OER Mainstreaming in Cameroon: Perceptions and Barriers

 

OER Mainstreaming in Cameroon: Perceptions and Barriers

Michael N. Nkwenti symbol

University of Yaounde I (Cameroon)

nkwentimichael@gmail.com

Ishan Sudeera Abeywardena symbol

University of Waterloo (Canada)

ishan.abeywardena@uwaterloo.ca

Abstract

The government of Cameroon has been increasingly pre-occupied with the quality of learning outcomes and the lack of learning resources at all levels of the education system. Research on similar educational systems in Sub-Saharan Africa and beyond indicate that Ministries of Education are exploring the potential of open educational resources (OER) to cut down the high cost of textbooks and enhance the availability of quality learning materials in classrooms. To explore possibilities of mainstreaming OER under the Ministries of Basic and Secondary Education in Cameroon, a quantitative research design approach was used to survey n=393 Regional Pedagogic Supervisors from the 10 Regions of the country. The outcome of this study presents the factors shaping the perspectives of Regional Pedagogic Supervisors in terms of perceptions and barriers to using OER. The novelty of this approach is the application of a proven model for technology acceptance testing in the context of OER. Based on the findings, three major recommendations for mainstreaming OER in Cameroon with potential impact on lowering textbook costs and increasing learning outcomes were formulated.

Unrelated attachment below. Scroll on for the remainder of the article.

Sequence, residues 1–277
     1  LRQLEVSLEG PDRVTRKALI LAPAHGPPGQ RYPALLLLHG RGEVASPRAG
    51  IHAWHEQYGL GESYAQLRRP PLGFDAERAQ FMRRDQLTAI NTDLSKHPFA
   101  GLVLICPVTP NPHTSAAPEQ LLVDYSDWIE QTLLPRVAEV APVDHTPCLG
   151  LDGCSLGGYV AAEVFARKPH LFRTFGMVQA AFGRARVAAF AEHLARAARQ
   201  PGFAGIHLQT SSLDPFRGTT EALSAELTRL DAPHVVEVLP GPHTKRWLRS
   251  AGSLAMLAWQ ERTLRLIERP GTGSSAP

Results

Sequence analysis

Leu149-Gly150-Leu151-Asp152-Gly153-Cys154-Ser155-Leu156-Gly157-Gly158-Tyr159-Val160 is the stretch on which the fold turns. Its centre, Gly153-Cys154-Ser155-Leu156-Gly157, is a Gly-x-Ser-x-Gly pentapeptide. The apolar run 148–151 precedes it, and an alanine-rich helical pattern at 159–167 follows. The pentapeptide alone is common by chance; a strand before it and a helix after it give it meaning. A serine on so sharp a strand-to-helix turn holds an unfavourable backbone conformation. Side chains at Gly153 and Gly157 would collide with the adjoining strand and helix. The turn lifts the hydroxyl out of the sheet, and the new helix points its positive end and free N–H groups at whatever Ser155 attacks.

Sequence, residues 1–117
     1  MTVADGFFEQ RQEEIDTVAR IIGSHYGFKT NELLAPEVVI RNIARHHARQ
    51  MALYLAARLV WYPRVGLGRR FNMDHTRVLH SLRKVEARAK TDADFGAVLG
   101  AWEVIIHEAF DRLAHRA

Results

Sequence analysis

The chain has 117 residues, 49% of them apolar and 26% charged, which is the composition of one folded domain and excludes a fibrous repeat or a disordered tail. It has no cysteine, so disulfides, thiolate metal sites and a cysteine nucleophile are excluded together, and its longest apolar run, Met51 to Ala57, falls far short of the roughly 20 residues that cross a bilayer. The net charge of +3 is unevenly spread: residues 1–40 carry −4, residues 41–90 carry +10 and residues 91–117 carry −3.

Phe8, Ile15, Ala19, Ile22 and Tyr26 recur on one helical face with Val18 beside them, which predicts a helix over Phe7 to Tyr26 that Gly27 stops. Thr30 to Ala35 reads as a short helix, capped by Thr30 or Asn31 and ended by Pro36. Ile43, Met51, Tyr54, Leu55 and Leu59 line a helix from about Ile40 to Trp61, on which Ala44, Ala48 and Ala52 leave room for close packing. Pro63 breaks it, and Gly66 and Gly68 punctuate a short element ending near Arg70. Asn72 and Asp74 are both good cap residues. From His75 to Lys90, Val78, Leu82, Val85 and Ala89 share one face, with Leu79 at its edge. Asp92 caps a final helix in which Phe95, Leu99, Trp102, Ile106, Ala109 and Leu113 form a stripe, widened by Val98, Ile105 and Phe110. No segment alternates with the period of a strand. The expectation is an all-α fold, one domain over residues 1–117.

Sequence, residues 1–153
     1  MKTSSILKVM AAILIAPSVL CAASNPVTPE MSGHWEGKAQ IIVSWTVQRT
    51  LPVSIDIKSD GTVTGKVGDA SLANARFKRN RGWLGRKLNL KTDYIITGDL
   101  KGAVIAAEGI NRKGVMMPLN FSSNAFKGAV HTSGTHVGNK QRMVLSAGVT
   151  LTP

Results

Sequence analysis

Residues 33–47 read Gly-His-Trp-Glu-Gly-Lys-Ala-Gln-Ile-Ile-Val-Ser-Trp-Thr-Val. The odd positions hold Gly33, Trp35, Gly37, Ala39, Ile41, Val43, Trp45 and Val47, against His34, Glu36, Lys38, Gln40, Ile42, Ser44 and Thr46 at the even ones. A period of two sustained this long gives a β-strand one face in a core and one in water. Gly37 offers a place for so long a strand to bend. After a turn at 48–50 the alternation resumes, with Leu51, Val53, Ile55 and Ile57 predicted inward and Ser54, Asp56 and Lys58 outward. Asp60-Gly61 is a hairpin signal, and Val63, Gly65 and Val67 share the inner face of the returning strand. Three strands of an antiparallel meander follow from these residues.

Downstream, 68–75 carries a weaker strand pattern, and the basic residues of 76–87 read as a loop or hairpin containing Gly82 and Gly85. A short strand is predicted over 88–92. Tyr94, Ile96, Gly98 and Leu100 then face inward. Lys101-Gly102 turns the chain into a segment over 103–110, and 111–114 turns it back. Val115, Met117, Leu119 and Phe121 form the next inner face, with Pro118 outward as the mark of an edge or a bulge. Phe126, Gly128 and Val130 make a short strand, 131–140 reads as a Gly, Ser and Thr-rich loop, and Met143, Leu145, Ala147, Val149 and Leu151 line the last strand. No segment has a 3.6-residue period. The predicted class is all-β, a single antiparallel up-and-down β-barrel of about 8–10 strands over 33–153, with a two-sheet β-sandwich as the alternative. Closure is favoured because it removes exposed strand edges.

Keywords: open educational resources, OER, Cameroon, textbook costs, learning outcomes, OER mainstreaming

Reception date: 25 April 2019 • Acceptance date: 9 August 2019

DOI: https://doi.org/10.5944/openpraxis.11.3.981

Introduction

In recent years, the government of Cameroon has been increasingly pre-occupied with the quality of learning outcomes at all levels of the educational system. In 2018, the World Bank Cameroon Education Reform Support Project revealed that the country would not achieve universal primary education at 100% by 2020 as outlined in the Education and Training Sector Strategy Paper for 2013-2020 (Republic of Cameroon, 2013). There were two reasons advanced for this as follows: (a) that the Primary Completion Rate (PCR) scorecard witnessed only a two percentage point increase from 74.2% to 76.3% over a period of two years – 2013 to 2015; and (b) that assessment of learning achievement in the domain of reading and mathematics for Class 5 learners show a decrease of about 4 points in the average mathematics score and 12 points in the average Reading score between 1996 and 2005 (World Bank, 2016). These findings were further confirmed by the results of a 2017 study on learning achievement conducted by the Government of Cameroon. The findings revealed that more than 50% of learners were not able to demonstrate the expected competencies in Reading and Mathematics (Ministry of Basic Education, 2018).